New research suggests that key parameters on pelvic floor magnetic resonance imaging (MRI) can play a significant role in predicting postpartum stress urinary incontinence (SUI) in primiparous women.
For the prospective study, recently published in Insights into Imaging, researchers compared data from pelvic floor MRI exams from 52 women with primiparous stress urinary incontinence (PSUI), 51 women with primiparous continence (PC) and a control group of 30 nulliparous women (NC). Inclusion criteria for the primiparous women in the study included natural conception, singleton delivery and gestational age of more than 37 weeks, according to the study.
The study authors found that an increased retrovesicourethral angle, decreased functional urethral length and the presence of bladder funnel on MRI during straining had 81.6 percent, 88.2 percent, and 82.5 percent area under the receiver operating characteristic curves (AUCs), respectively, for predicting SUI in primiparous women. The researchers emphasized that the combination of these factors had a 94.7 AUC, a 96.2 percent sensitivity rate and a 82.4 percent specificity rate in predicting SUI in this population.
Here one can see pelvic floor parameters noted on MRI. The study authors found that an increased retrovesicourethral angle, decreased functional urethral length and the presence of bladder funnel during straining had 81.6 percent, 88.2 percent, and 82.5 percent area under the receiver operating characteristic curves (AUCs), respectively, for predicting SUI in primiparous women. (Images courtesy of Insights into Imaging.)
While the study authors noted the incidence of bladder funnel in all of the study groups, there was an 88.5 percent incidence in the PSUI group in comparison to 23.5 percent in the PC cohort and 11.8 percent in the control group.
“The integrity of bladder neck closure was deficient in the PSUI group, as indicated by increased retrovesicourethral angle during straining, possibly due to decreased external support for the urethra and bladder neck,” wrote study co-author Wen Shen, M.D., Ph.D., who is affiliated with the Department of Radiology at Tianjin First Central Hospital and the School of Medicine at Nankai University in Tianjin, China, and colleagues.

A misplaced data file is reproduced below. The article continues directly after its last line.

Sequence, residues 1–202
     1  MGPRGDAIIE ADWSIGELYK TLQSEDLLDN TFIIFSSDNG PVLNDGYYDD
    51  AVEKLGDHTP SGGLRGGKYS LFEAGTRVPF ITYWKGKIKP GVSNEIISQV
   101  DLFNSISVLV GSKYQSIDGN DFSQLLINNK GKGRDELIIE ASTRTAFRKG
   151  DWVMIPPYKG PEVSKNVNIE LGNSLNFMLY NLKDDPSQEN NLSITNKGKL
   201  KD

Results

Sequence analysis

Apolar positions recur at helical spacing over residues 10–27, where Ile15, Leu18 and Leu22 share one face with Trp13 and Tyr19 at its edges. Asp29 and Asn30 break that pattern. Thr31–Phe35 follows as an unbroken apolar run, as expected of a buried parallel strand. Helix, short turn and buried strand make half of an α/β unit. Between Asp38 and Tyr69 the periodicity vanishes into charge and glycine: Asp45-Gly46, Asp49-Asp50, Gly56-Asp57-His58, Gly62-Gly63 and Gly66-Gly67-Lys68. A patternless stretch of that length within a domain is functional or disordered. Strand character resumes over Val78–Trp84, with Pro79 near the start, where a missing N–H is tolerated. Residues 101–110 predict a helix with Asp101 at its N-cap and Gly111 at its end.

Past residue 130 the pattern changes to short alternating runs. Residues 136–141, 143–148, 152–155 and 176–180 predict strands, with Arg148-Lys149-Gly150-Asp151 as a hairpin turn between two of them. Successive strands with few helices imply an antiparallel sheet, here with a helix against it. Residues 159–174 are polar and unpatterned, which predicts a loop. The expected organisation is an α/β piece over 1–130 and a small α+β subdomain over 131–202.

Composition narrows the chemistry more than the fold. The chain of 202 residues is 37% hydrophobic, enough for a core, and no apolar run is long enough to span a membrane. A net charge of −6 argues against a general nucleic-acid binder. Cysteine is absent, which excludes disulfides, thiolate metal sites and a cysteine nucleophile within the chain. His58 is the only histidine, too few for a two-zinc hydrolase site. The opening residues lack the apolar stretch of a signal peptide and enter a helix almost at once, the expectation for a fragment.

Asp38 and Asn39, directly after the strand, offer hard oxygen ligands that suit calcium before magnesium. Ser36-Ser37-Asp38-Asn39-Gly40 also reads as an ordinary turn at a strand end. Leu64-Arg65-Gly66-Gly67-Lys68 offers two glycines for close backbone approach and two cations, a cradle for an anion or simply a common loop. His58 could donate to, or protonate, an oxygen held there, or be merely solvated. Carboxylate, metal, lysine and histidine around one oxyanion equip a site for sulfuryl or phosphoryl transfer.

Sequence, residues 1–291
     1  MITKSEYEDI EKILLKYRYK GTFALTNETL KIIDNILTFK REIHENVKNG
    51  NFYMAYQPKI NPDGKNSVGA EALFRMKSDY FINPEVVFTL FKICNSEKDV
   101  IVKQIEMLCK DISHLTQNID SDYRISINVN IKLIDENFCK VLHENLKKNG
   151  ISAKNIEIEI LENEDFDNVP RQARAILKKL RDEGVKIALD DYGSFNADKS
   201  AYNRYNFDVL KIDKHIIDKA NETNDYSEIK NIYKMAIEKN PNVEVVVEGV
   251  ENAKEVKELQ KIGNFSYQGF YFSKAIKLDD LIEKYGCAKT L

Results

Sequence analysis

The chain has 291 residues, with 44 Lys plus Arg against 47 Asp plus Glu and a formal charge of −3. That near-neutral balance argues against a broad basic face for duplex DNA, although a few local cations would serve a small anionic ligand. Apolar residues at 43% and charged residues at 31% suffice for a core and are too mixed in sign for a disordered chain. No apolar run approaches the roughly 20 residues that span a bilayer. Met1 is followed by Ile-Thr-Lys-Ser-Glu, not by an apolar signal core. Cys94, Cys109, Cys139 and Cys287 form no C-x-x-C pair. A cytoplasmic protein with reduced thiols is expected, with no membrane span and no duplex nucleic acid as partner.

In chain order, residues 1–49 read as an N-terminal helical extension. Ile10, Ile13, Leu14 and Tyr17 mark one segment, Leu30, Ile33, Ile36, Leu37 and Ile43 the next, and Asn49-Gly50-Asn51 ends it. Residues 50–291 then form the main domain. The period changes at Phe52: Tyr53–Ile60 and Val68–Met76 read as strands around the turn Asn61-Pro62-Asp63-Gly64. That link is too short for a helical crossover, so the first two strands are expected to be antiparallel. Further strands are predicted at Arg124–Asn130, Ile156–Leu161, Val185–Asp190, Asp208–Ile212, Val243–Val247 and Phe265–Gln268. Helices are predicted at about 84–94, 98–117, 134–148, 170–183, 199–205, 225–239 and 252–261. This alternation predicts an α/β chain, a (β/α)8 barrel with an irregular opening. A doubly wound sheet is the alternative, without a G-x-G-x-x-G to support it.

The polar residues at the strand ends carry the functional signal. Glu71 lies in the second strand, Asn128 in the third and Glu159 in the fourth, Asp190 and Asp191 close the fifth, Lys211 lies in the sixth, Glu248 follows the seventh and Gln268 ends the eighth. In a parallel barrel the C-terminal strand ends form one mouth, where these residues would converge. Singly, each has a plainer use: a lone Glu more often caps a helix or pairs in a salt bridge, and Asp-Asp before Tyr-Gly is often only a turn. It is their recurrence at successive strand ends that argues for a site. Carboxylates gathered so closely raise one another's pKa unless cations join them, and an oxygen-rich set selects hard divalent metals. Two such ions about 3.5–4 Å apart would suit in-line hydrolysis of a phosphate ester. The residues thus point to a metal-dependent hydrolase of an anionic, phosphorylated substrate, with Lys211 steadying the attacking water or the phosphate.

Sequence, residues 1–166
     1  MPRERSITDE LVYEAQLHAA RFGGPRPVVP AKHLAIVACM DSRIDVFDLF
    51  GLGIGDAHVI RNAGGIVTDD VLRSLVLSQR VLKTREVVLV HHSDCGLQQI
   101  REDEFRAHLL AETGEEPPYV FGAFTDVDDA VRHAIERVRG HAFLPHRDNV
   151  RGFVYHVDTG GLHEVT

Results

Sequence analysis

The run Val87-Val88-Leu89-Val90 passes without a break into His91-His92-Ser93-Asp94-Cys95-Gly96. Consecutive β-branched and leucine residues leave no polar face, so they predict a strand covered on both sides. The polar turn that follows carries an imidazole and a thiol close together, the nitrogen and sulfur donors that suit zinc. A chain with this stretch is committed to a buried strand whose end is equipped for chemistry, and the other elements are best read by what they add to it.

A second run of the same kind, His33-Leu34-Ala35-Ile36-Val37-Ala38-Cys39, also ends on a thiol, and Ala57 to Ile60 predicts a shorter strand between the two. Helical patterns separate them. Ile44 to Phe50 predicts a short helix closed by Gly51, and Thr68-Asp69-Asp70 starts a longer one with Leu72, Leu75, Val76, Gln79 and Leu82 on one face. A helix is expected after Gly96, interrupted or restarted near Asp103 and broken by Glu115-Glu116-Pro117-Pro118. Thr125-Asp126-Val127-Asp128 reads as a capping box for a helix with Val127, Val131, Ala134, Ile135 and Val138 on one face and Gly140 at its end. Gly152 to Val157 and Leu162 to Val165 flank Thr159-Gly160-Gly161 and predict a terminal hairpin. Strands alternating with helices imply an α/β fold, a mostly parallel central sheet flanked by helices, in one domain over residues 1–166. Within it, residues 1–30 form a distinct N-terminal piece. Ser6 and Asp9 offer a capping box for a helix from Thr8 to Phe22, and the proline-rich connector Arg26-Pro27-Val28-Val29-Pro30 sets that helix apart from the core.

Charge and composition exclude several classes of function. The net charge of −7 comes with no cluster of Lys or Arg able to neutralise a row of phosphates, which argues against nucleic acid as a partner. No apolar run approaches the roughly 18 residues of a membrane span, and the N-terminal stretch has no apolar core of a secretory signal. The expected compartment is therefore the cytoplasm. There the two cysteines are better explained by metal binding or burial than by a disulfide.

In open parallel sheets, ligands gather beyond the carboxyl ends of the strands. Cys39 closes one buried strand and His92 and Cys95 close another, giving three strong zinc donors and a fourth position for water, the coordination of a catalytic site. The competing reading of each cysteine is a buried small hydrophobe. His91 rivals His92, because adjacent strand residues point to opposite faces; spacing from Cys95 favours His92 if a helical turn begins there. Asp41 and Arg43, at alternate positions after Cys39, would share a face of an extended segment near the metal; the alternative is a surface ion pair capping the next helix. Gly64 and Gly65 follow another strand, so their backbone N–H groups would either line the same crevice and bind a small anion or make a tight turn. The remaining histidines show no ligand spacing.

“Our study confirms that primiparas with SUI had a shorter urethral length. The bladder funnel has been associated with lower maximum urethral closure pressure, reflecting the decrease in urethral sphincter function. In our study, the proportion of bladder funnel in primiparas with SUI was up to 88.5 percent, indicating a decreased tension of the urinary sphincter and reduced function of maintaining urethral closure in women in the PSUI group."
Three Key Takeaways
- Predictive factors. The combination of specific pelvic floor parameters observed on MRI exams, including an increased retrovesicourethral angle, decreased functional urethral length, and the presence of bladder funnel during straining, can serve as strong predictors (94.7 percent AUC) of postpartum stress urinary incontinence (SUI) in primiparous women.
- Urethral length and bladder function. The study highlights that primiparous women with SUI tend to have a shorter urethral length, which is associated with decreased urinary sphincter function. Additionally, the presence of a bladder funnel indicates a decrease in urethral sphincter function, contributing to SUI risk.
- Levator ani muscle changes. Primiparous women with SUI demonstrated a higher incidence of minor defects in the levator ani muscle (LAM) compared to those with continence. These changes in LAM function and morphology, including a larger levator hiatus area, suggest that hormonal changes during pregnancy and vaginal delivery-related factors may lead to pelvic floor relaxation and increased pelvic organ mobility, potentially contributing to SUI development.
The researchers found a nearly 25 percent higher incidence of minor defects of the levator ani muscle (LAM) in the PSUI (32.7 percent) cohort in comparison to the PC group.
In their assessments of LAM function and morphology, the researchers found that the PSUI group had a larger levator haitus area (LHA) at strain (2552.7 mm2 in comparison to 1719.7 mm2 for the PC cohort and 1292.9 mm2 for the NC cohort) and rest (1339.9 mm2 in contrast to 1136.2 in the PC group and 1107.6 mm2 in the NC group). The PSUI cohort also had significantly shorter bladder neck distance to the pubococcygeal line (B-PCL) and cervix distance to the pubococcygeal line (U-PCL) at strain in comparison to the PC and NC cohorts, according to the study authors.
“These changes were attributed to hormonal changes during pregnancy and extreme stretching or denervation of the LAM during vaginal delivery, which might lead to pelvic floor relaxation and reduce the support to the pelvic organs, eventually resulting in overactive movement of pelvic organs,” noted Shen and colleagues.
(Editor’s note: For related content, see “Can Placental MRI Help Identify Elevated Risks for Adverse Pregnancy Outcomes?”)
Beyond a limited sample size for the cohort, the researchers said other limitations of the study included a lack of assessment on whether pelvic floor parameters can have an impact on SUI severity, or the recovery and progression of postpartum SUI.